The Seven Stones Blog

Generosity: How We Rouse the Sleeping Dragon of Separation

By Jen Cohen

“Your heart is your home. Your mind your office. Don’t get them confused.”

Here at Seven Stones, and in all of the teachings I study, there is talk of unwinding the armoring against separation and isolation and dropping into our heart center. I have been a diligent student: opening to the suffering of the world, opening to my own suffering, building some kind of muscle to withstand the strange world we inhabit so full of mind bending paradox, so full of such astonishing beauty and an equal measure of cruelty. And the more I drop into the teaching, the more I open.

Then, when I approach the world with this openness, I’ve noticed that often there are these blank stares facing back at me, maybe dismay, maybe even revulsion.

And I start to wonder: Is this openness worth it? Can I stand it?

One of our practices here in the Seven Stones lab is giving. We donate at least 5% of our earnings overall, and we have a giving account. Each quarter we make decisions about where to give. As opposed to other years when we’ve given in more traditional ways to non-profit organizations, this year, so far, we have chosen to give only to people we actually know. I love this idea. I love the idea of catching each other in this way. Weaving this web of social fabric around all of us this viscerally is a direct practice of sufficiency.

For example: We gave money to a dear friend who wanted her child to get some alternative care. Then we gave money to another friend for the same purpose. Then to someone right here at Seven Stones we gave money so she could offer her child the care she really wanted to give. These acts of generosity have been so totally gratifying. They seem so right to offer, and I notice are so challenging to receive.

I think we have been conditioned to have it be easier to send a donation to a charity half way across the world than to give to someone really close to me, right here, and to simply share what I have. I’ve noticed that money is the most difficult to offer. Somehow gifting clothes or food or a dinner or a ride home do not ignite quite the same forces of separation and scarcity that offering actual money does. Giving actual money to each other seems to rouse the sleeping dragon of individualism, scarcity and separation like nothing I have experienced.

Knowing someone could use a hand, offering that hand, being with how it flies in the face of our supposed ability to handle everything on our own, and then actually having someone receive it – is a radical process of breaking down the walls of isolation. If you want a practice that gets to the heart and soul of sufficiency try giving money to someone you know who could use some. And if you dare, let us know what unfolded.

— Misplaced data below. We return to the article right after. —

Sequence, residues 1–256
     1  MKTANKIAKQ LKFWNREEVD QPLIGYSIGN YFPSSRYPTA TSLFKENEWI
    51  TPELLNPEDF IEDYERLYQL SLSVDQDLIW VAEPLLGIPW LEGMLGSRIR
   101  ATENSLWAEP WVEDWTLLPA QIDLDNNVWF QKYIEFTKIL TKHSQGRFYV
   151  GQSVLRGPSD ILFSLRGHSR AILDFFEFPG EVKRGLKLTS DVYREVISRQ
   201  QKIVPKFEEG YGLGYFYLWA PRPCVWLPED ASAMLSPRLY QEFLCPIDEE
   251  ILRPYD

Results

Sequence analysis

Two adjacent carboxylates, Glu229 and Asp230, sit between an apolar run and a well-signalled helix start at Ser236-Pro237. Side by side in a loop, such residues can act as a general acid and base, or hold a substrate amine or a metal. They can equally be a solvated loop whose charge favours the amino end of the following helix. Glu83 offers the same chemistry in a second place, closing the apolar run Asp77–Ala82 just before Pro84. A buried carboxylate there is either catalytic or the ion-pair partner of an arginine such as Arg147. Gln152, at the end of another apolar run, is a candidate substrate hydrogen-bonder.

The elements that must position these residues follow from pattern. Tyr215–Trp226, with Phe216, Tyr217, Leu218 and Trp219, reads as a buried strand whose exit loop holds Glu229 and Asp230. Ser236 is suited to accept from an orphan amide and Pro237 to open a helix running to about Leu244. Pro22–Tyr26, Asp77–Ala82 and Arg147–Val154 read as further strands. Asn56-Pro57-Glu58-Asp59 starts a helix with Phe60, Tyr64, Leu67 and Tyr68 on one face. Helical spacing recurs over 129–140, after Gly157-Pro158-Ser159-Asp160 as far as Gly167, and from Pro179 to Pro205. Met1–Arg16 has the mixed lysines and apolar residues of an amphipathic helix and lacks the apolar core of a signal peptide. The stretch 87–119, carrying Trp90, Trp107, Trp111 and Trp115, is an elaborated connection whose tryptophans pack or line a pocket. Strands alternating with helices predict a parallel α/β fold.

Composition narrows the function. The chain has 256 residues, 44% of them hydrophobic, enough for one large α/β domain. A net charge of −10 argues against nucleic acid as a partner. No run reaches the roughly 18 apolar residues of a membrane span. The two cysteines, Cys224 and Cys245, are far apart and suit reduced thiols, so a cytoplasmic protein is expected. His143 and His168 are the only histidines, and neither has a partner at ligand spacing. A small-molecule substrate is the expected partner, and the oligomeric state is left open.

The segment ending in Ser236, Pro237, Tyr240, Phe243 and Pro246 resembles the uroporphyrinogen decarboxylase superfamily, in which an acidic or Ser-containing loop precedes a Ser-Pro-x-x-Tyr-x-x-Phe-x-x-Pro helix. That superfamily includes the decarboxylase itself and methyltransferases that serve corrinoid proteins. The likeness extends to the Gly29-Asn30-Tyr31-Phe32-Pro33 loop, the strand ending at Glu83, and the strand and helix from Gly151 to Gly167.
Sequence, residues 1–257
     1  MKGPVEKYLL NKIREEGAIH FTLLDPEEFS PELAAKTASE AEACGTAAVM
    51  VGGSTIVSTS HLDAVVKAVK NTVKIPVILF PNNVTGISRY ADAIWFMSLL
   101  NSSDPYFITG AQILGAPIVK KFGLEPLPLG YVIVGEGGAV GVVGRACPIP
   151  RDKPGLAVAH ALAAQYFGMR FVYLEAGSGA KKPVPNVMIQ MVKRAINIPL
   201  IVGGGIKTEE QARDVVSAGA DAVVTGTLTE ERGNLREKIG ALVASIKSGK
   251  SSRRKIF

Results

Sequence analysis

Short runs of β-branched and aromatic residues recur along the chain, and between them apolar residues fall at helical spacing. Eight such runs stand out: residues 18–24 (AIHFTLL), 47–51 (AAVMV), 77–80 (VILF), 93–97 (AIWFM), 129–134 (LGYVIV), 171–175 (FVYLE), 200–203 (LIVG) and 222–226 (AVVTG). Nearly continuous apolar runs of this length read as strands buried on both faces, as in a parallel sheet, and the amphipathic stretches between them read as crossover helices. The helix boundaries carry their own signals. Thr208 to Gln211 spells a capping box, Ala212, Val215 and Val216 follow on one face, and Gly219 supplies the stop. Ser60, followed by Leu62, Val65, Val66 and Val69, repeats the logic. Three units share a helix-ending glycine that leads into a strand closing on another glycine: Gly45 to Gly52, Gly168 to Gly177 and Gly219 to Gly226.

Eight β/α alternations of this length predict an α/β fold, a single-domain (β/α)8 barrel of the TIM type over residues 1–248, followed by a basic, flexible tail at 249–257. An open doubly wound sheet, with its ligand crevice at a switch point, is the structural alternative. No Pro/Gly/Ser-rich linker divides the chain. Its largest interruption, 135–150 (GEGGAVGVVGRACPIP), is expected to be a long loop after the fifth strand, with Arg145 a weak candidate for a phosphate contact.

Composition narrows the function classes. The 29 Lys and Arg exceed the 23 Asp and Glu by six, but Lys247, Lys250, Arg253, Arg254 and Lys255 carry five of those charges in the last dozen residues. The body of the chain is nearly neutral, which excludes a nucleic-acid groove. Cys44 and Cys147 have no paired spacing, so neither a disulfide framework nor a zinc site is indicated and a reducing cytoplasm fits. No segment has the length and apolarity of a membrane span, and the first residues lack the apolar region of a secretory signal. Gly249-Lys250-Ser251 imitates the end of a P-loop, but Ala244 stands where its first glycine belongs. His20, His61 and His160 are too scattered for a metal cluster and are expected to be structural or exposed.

One thought on “Generosity: How We Rouse the Sleeping Dragon of Separation

  1. Hi Jen,

    There seem to be two threads here, one about the reactions to openness in dialogue and interactions, and the other is about gifting money for no special occasion than just giving.

    I see the connection between these two threads because, like other coaches I admire, you are courageous enough to practice what you preach, even if it breaks with convention.

    Such is the case with gifting money to friends: it breaks with convention. Social norms dictate that friends avoid the topic of money altogether, leaving it only for families or professionals to talk about in any specific detail. Challenging these norms is bound to make people uncomfortable. On the receiving end it could be perceived as a negative: “Do I appear to be needy? Does she think she’s better than me?” The giver could be trumping himself up: “Look how generous I am. I’m such a generous person.” Or could be giving because “it’s the right thing to do” but there’s no real heart quality in it.

    It is interesting to think about whether there is an up/down relationship with respect to giving (as in someone is on a pedestal and someone else is beneath–perhaps the ‘haves’ are higher and the ‘have nots’ are lower) with regard to generosity and giving. There is always the question of motives and how to interpret motives. So, from this point, it is an open question as to whether sufficiency or ‘having’ is relative and depends on someone who “has not.” With that mindset there might be a lot of attachment and it might actually continue a sense of separation. Overcoming isolation through generosity seems to require a great deal of relatedness and non-attachment.

    Thanks for some good food for thought.

    Michael

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